AWACS tragedy spurred safety improvements

  • Published
  • By Staff Sgt. William Banton
  • JBER Public Affairs
"Lot of birds here ... We took one! We took two of them," called out Capt. Glenn Rogers Jr., aircraft commander, over the radio. "Elmendorf tower, Yukla two-seven heavy has an emergency ... lost number two engine we've taken some birds."

On Sept. 22, 1995, an E-3B Sentry Airborne Warning and Control System, call sign Yukla 27, crashed, killing all on board.  Upon investigation, it was determined that up to 33 Canada geese near the flightline struck the aircraft that day.

Each year, civilian and military aircraft report thousands of bird strikes. According to the Department of Defense Partners in Flight webpage, the Federal Aviation Administration annually reports approximately 2,300 wildlife related incidents involving civilian aircraft; the Air Force and Navy usually report an additional 3,000. The DoD is constantly striving to improve its aviation safety programs.

One of these programs, the Bird Aircraft Strike Hazard program, was created to preserve war-fighting capabilities and provide pilots with safe operating environments, through the reduction of wildlife hazards.

"After the Yukla two-seven accident, the BASH program went through a serious modification," said Rob Hahn, then-Elmendorf Air Force Base chief of flight safety, in a documentary produced by Morningstar Entertainment for Discovery Channel in 2003. "We went to the experts at the Department of Agriculture and had them do an assessment of the current BASH program and how we can make it better."

The program began to be managed by the USDA on Elmendorf Air Force Base in 2000. The USDA wildlife specialists coordinate with the airfield manager and other base officials to maintain consistent reporting of strike events while trying to identify the species involved.

The goal is to try and better understand why certain species are attracted to particular areas or training routes and to implement procedures which will keep pilots safe while preserving local wildlife.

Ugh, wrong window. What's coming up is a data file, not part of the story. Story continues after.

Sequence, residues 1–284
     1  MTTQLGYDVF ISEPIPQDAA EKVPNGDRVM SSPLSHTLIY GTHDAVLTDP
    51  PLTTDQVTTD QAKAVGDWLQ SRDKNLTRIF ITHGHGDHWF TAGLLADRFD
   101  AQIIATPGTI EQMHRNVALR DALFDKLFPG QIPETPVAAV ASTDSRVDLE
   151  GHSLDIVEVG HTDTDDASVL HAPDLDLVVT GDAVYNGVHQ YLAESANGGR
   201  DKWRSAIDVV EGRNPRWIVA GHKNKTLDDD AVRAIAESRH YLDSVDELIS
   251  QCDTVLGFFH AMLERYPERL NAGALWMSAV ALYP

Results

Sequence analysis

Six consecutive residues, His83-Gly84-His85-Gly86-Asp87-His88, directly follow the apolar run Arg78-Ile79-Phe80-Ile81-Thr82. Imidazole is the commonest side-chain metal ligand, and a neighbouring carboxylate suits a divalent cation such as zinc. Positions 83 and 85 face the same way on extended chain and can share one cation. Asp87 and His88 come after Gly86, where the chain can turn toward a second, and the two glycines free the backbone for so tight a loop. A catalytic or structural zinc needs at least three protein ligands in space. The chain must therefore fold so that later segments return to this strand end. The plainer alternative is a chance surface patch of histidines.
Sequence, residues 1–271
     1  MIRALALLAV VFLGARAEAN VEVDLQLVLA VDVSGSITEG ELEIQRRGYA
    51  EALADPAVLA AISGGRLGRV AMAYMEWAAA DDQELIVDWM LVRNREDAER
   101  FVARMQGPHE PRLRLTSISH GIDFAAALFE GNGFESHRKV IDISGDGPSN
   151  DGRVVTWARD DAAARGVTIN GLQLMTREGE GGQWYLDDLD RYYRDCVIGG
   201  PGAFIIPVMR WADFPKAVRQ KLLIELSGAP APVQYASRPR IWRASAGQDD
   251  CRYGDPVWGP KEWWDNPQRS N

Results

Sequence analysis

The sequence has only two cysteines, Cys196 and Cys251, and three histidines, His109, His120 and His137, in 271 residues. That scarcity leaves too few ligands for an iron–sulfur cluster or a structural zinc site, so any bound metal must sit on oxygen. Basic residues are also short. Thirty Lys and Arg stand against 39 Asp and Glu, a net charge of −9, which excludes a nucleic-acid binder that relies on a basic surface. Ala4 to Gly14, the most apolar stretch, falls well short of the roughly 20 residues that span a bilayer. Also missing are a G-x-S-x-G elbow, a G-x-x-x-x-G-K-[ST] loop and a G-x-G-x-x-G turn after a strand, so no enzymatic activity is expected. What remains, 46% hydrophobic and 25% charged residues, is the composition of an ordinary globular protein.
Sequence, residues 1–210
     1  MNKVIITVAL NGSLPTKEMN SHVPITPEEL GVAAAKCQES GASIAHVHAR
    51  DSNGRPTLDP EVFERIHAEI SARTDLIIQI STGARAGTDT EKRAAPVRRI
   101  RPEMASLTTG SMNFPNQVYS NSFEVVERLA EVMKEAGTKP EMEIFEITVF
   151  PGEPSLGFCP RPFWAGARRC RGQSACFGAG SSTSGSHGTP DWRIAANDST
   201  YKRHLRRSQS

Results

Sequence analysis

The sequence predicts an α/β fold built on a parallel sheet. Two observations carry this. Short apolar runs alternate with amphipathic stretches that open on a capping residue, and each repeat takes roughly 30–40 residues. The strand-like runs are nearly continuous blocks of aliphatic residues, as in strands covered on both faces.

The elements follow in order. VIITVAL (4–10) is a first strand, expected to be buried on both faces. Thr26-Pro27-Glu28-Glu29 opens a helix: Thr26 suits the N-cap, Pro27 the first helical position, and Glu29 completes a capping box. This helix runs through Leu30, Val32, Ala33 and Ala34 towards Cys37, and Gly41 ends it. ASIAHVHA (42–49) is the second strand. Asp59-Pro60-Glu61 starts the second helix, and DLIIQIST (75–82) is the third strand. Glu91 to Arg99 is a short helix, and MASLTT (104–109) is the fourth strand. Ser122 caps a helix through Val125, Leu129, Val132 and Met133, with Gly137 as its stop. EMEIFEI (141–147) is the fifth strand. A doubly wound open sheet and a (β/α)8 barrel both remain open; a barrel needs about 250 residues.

"When I got here I was pretty much told not to mess with the birds," said then-Chief Master Sgt. Tracy Matthews, former 3rd Operations Group superintendent in charge of maintenance. "You look back and [the crash] changed everyone's attitude about that, and not just here, but throughout the community."

The immediate response to the crash was to bring in propane cannons, which put out a loud acoustic sound to scare off wildlife.  At that time a bird hotline, 552-BIRD, was also implemented to help pinpoint problem area around the base.

Since 2000 JBER added fences around the airfield and implemented a habitat modification, which has greatly reduced the numbers of wildlife in that area.

Habitat modification can be anything from removing low spots that create standing water to controlling grass height, said Jerry Morrill, USDA wildlife specialist.  Geese like to eat the new short grass, so if you keep the grass about 11 inches high there is no food for them to eat.

To limit bird strikes, flying limitations based on the migration patterns of common local birds are sometimes placed on pilots.

"A lot of birds will migrate in the evening or at night, so if you are doing low-level flying [then] you're going to have more bird strikes," Morrill said.
In recent years the installation has installed electric fences and removed unnecessary trees and foliage.

These have reduced the number of mammals on the flight line and eliminated nesting opportunities and black bear dens.

The USDA also has a raptor-trapping program, to help relocate large birds of prey off the runway. So far the USDA has yet to see relocated birds return to the area.

Similarly, the USDA worked with pest control and airfield management this summer to help decrease an unusually large number of grasshoppers on JBER, due to an overly dry spring. Grasshoppers are attracted to the flightline on warm sunny days, making an easy-to-find food source for birds.

Morrill said when all is said and done the BASH program is working toward a singular goal.

"Our focus is to get these guys down safe so they can get back to their families, we don't want more Yuklas " Morrill said.  "That was a terrible tragedy and unfortunately it should have never happened, but it did - and it was a valuable lesson learned."